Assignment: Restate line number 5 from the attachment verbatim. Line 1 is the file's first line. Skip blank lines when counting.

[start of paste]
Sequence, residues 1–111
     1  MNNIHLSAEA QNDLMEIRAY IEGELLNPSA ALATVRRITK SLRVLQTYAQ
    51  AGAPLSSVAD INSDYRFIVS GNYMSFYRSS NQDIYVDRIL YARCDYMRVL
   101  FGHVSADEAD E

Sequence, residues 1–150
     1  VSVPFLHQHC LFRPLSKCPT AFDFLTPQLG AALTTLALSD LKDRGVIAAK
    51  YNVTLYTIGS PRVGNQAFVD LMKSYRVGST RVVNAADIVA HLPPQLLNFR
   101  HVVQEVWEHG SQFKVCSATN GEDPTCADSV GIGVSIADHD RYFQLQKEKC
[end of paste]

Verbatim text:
Sequence, residues 1–150